Herrick’s “To the Virgins, to Make Much of Time” was written in 1648. This poem urges the youth to celebrate life and its pleasures. The persona in this poem is talking to young people in general and is telling them to enjoy every day as it comes. In the opening stanza, the poet says, “And this same flower that smiles today, Tomorrow will be dying” (Herrick 79). In this line, the poet uses an extended metaphor to compare the youth to rosebuds and also uses personification because the flower is given human qualities. The line shows how rosebuds, or young people, should enjoy every day of their life and be happy because they might not make it to the next day. The rose represents the youth since roses are fresh and full of life, yet eventually both the rose and the young people will die. In the next stanza, the sun is personified by showing that time passes by quickly and should therefore be enjoyed whenever possible. The setting of the sun symbolizes the fate of human beings. The third stanza says that one is at the best time of one’s life while on is young. The last stanza of the poem urges young and inexperienced people to pursue love and get married young. One should not wait to get married, because one will probably end up living in loneliness.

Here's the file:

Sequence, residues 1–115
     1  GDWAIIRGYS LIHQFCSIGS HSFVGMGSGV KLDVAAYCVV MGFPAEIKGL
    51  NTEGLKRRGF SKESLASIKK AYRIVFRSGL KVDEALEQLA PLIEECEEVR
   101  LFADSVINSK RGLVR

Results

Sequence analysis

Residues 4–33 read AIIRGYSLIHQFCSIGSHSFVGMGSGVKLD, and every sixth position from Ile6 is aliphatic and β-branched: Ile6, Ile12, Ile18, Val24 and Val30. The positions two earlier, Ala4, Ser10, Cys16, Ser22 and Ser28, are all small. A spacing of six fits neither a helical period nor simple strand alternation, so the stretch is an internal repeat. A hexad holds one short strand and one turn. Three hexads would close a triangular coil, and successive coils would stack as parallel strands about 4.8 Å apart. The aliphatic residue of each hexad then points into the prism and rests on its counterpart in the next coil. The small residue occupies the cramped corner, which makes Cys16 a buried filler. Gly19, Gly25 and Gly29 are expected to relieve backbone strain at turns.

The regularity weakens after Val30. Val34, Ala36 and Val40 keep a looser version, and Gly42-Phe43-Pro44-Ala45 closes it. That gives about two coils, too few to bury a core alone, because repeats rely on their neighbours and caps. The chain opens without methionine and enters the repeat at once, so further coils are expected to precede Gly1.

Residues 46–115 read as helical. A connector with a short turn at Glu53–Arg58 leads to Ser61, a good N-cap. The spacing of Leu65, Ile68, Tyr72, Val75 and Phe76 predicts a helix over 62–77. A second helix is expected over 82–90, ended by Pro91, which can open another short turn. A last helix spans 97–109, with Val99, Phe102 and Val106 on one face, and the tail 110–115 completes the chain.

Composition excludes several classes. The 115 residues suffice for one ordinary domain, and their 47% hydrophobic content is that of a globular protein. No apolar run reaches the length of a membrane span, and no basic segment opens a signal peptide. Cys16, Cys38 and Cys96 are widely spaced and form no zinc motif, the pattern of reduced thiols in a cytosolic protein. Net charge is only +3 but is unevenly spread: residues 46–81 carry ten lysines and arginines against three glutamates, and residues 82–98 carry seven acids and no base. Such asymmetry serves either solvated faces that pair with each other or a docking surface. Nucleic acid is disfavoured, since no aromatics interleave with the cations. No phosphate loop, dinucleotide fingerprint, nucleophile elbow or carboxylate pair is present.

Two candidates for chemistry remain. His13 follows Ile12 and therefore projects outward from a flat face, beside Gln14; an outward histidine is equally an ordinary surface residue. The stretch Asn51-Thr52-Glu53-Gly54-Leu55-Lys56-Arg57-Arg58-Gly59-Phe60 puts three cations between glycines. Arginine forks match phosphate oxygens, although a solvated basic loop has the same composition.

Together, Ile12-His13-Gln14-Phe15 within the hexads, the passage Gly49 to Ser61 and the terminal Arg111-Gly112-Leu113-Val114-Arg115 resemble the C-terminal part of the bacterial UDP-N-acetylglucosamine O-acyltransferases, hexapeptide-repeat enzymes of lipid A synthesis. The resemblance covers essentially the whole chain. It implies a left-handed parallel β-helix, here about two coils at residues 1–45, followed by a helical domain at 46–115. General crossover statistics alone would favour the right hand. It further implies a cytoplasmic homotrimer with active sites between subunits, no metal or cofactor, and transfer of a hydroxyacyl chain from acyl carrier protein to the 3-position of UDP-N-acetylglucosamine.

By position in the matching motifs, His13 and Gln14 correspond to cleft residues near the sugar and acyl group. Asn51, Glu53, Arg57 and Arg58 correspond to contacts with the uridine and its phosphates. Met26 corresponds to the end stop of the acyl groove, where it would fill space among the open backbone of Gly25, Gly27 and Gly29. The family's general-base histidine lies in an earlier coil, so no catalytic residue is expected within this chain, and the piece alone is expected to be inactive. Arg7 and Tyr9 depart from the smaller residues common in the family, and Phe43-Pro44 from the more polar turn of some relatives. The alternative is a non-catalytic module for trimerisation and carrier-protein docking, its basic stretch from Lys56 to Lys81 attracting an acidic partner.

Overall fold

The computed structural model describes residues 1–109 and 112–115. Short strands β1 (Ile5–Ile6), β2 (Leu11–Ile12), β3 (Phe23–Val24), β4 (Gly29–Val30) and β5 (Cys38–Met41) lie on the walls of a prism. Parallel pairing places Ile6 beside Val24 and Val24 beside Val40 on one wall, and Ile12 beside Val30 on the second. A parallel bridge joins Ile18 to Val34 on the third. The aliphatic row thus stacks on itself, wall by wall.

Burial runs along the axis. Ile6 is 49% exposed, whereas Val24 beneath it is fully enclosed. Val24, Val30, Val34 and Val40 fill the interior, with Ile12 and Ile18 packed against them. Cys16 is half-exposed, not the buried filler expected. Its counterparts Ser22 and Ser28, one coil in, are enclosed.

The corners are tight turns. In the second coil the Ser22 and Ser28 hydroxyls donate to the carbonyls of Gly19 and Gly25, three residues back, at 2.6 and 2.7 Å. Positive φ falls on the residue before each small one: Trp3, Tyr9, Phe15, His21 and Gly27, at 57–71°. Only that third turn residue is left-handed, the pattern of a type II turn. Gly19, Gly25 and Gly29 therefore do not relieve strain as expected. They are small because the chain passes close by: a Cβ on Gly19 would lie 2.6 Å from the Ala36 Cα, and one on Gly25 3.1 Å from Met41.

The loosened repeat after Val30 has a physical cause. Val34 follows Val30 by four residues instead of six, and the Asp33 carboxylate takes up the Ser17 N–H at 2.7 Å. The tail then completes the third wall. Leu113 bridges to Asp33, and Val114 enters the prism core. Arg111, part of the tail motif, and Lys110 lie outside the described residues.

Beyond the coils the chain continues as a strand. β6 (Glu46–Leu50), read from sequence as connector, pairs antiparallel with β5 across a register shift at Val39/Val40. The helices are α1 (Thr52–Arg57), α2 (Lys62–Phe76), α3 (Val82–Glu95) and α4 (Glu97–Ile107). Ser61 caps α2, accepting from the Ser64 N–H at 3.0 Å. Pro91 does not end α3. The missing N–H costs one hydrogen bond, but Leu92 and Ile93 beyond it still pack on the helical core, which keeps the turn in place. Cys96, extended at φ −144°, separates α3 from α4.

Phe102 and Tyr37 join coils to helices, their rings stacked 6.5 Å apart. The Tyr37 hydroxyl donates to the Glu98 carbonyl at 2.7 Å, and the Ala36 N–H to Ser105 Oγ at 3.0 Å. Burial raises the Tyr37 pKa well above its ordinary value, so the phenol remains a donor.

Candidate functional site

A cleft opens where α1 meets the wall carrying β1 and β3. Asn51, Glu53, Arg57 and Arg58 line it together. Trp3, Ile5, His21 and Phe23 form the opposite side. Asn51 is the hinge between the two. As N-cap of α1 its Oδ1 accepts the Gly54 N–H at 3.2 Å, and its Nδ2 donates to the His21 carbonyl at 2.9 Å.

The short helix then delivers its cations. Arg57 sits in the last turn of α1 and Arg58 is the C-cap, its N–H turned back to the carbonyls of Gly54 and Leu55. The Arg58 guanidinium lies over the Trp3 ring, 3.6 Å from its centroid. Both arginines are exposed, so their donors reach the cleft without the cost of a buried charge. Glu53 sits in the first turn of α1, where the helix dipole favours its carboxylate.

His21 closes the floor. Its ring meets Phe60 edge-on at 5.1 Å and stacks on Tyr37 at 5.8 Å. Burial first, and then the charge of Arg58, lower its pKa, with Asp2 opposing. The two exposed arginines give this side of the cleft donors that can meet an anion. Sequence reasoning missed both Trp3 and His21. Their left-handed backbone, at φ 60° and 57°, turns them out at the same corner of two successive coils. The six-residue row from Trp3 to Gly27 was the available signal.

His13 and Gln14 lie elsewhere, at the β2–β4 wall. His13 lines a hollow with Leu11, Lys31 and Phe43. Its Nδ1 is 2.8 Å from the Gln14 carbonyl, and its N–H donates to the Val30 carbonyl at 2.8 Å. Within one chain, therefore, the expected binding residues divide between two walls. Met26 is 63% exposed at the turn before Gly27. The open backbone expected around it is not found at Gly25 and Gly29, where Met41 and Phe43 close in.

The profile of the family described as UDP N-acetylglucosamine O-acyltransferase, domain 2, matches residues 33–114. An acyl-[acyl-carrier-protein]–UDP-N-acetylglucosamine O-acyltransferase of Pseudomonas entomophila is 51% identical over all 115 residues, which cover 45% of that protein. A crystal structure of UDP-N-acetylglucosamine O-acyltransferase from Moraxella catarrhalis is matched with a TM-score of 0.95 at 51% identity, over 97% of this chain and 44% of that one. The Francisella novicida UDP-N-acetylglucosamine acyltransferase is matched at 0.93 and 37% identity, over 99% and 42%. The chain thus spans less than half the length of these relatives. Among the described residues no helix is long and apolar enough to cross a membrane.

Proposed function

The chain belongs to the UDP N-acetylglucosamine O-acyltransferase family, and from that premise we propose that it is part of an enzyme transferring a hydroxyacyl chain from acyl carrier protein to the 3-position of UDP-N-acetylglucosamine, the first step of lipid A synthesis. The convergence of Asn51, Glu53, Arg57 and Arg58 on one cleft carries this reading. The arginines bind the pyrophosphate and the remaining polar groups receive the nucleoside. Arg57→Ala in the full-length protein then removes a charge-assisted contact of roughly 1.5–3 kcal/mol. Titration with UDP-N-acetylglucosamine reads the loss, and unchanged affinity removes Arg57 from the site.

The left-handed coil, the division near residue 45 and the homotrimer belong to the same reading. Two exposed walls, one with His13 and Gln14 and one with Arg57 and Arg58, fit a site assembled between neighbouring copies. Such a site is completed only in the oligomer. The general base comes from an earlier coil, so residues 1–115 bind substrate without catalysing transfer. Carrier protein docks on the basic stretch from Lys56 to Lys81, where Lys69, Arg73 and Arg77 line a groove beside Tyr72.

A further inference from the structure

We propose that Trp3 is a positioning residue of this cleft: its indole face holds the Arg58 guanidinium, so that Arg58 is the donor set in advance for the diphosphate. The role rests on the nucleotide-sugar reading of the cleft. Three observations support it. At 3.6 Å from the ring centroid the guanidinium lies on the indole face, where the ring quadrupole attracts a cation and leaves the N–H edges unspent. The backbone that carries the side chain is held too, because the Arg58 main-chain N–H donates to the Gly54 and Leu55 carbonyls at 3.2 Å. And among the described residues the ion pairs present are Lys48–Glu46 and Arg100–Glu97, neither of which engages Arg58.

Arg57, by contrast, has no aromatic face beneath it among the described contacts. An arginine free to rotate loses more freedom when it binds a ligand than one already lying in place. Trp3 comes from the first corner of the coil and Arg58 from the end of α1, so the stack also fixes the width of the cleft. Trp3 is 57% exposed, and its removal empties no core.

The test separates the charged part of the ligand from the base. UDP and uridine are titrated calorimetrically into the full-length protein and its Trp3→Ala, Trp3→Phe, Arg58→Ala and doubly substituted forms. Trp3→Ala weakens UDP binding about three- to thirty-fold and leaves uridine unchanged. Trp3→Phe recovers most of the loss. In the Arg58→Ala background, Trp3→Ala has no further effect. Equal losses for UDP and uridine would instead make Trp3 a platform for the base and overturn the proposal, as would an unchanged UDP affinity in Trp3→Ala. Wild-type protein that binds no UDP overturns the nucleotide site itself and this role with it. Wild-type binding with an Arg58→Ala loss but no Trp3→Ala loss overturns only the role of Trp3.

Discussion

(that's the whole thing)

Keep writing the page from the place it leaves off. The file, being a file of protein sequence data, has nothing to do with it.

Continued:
| Posted on 2010-11-22 | by a guest


.: :.

\"Read this poem with a Cookie Monster voice. It makes so much more sense.
| Posted on 2010-02-22 | by a guest\"
LMAOOO
ok basically the speaker is telling us to take advantage of our youth because we will never get it back. liek how the sun reached the top of the sky and is in its prime, but then goes down hill after that. marry while we are still young and ebautiful because if we delay it further, it may never happen.

| Posted on 2010-11-07 | by a guest


.: :.

how are you gonna say duh. you have no idea what the author meant, unless you know the guy. people like you is ignant, you think you can read someone\'s mind. He could have meant anything. your probably right but your still a douche

| Posted on 2010-10-05 | by a guest


.: :.

NO! when he speaks of virgins, he\'s not singling out those who havent had sex. he\'s just talking about the young and healthy. The YOUTH. Those who have not lived long and are just experiancing life. DUH!

| Posted on 2010-09-13 | by a guest


.: :.